We will read several books during the semester. 

Book I:   Fahrenheit 415  by Ray Bradbury
This is a short book which we will read during the opening days of the semester.  You will be given a copy to read.

Book II: The Handmaid’s Tale by Margaret AtwoodThis is a futuristic dystopian novel whose theme and content is both adult in nature.  If you or your parents object to reading books which contain adult situations and language, I will make an alternate selection available.  (Alternate:  The Fountainhead by Ayn Rand) You must purchase this book by September 1, 2008.Book III: The Scarlet Letter by Nathaniel Hawthorne

Often considered one of the greatest American novels, this book tells the story of Hester Prynne, a puritan of great, but flawed character.  We will explore the roots of the American psyche through this novel.  You will be given a copy to read.

Play I:  The Crucible by Arthur Miller

This novel brings the concepts introduced by your initial readings into an examination of our past and present.  We will read this play in class.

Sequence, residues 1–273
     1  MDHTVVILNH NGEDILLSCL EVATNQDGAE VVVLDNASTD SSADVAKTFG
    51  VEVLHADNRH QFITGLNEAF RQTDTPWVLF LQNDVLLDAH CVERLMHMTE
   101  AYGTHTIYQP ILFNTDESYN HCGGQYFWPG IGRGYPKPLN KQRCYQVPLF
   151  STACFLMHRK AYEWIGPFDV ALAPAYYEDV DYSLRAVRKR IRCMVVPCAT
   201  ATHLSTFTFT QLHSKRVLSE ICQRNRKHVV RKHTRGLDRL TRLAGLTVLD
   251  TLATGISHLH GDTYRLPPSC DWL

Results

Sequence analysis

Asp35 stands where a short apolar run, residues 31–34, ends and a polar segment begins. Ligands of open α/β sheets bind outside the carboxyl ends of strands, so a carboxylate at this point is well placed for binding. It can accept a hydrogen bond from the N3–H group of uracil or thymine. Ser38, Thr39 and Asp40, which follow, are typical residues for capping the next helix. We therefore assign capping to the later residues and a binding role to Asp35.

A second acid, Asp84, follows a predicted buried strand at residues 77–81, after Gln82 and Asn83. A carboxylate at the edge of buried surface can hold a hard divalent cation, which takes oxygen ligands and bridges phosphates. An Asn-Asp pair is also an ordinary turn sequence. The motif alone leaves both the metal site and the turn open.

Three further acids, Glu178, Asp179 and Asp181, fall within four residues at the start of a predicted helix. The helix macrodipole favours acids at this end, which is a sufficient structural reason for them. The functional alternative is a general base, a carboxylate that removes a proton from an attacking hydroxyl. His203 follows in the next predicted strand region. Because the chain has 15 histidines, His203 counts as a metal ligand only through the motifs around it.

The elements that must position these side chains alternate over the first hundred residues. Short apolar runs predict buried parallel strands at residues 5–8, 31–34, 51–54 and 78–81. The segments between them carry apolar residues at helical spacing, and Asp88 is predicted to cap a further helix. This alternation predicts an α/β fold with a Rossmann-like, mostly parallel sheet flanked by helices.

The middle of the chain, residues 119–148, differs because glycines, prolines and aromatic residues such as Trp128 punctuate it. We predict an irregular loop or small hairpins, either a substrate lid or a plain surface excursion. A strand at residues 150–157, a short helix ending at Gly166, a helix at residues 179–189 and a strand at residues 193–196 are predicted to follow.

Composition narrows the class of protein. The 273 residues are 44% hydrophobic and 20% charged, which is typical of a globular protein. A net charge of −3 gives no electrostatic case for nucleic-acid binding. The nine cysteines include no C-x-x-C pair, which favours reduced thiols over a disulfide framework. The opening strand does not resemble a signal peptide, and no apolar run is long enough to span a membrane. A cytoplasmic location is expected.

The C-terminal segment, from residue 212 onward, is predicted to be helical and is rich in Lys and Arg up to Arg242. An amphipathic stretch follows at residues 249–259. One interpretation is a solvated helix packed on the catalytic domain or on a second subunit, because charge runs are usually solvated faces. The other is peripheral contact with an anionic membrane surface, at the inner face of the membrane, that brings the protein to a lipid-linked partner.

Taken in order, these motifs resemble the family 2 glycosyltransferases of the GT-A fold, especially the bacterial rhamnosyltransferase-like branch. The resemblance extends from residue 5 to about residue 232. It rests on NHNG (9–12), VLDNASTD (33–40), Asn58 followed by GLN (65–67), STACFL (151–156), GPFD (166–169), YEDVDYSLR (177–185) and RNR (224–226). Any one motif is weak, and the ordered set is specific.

Book IV:  The Adventures of Huckleberry Finn by Mark Twain

This is considered by some to be the greatest American novel.  Ernest Hemingway, when referring to this book, said that all American Literature began with The Adventures of Huckleberry Finn. You will be given a copy to read.

Book V:  The Awakening by Kate Chopin

This is the exploration of the feminist struggle in the late 19th Century. Beautiful and lyrical, this novel has a transformative effect on the reader.  You will be given a copy to read.

Book VI:  1984  by George OrwellLong considered the pinnacle of dystopian novels, this book takes a look at a futuristic world and offers a warning about our own destiny.  You must purchase this book by December 10, 2008.  This will be your winter break reading assignment.